Filmed on location, sort of, kind of, the production affects a reasonable amount of authenticity. Morocco is the de facto stand in when shooting locations in Israel were not available, but Syria and Turkey also make appearances. With a limited budget, Crescent & the Cross really tries to make a big-budget impression on audiences, and the extra effort—while not always satisfying—is certainly appreciated. Actors playing historical figures really try to get into the parts, with big sweeping dialogues and soliloquies. Forts and castles are raided by sword-swinging warriors, with hundreds of extras milling about in full combat gear, although never as many as we are accustomed to seeing in our summer blockbusters. We also see a fair amount of current-era footage interjected into the feature, which swings the double-edge both ways. On the one hand, it's amazing to see how little certain areas of the Middle East have changed over hundreds of years. On the other hand, it kind of breaks the "recreation" flow the film strives for.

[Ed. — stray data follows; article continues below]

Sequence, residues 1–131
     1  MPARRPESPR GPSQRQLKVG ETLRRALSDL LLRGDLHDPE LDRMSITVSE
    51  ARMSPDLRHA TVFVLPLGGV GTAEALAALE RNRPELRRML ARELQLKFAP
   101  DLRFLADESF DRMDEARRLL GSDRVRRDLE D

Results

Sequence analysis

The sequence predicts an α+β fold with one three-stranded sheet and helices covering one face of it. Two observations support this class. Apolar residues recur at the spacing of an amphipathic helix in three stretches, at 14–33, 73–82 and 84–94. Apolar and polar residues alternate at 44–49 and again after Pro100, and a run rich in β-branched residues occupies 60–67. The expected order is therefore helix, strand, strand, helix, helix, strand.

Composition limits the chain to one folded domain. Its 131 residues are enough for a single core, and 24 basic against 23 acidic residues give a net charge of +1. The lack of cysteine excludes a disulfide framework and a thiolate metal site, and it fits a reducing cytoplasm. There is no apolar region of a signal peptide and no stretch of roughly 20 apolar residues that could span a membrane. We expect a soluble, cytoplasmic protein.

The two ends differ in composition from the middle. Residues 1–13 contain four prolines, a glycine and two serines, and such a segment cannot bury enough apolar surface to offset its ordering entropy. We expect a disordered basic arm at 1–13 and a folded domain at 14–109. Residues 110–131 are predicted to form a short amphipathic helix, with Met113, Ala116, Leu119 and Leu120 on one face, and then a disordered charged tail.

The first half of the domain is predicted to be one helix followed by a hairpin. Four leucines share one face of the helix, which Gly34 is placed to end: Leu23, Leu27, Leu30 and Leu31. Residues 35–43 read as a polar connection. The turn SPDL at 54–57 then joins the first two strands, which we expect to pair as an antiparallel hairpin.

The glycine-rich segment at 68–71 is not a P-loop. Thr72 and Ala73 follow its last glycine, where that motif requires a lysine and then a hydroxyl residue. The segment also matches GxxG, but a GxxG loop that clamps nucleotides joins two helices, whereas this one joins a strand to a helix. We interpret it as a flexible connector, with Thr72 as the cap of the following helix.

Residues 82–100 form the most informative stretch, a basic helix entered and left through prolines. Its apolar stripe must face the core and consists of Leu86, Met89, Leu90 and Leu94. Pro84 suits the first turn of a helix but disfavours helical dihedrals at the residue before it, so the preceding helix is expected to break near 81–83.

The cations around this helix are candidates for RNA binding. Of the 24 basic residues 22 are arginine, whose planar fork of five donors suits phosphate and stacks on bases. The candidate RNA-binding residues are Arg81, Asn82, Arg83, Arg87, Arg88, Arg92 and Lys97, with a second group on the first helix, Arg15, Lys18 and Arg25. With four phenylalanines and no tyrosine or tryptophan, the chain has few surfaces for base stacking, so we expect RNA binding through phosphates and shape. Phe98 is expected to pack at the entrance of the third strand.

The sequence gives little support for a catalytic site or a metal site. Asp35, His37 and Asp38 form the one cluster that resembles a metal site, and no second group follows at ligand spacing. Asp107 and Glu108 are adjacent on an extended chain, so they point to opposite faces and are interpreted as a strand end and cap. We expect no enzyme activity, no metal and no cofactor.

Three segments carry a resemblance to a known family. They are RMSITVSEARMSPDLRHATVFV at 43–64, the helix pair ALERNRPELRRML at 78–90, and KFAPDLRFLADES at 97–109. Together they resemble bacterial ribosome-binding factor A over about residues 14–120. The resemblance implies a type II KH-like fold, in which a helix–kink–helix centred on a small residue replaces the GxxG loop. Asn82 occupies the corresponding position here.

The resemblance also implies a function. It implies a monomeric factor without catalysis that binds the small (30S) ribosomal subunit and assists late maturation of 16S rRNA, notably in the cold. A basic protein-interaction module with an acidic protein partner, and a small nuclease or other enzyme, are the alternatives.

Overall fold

Narrated by the dulcet tones of Keith David, the feature gets most of its intellectual ducks in a row. It is impossible to compress two hundred years of solid conflict into a simple documentary, but the production moves at a brisk pace, covering as much ground as it can. Historical purists will note omissions and fallacies here and there, but for the neophyte, there is enough information being tossed out to capture ones attention. Each of the three individual crusades is examined, including key players like Saladin and Richard I, and key historic battles, triumphs and failures. One might argue the crux of the documentary is that the Middle East is a land of turmoil, and has been for millennia, and the events of the Crusades are not too far removed from current strife in the region.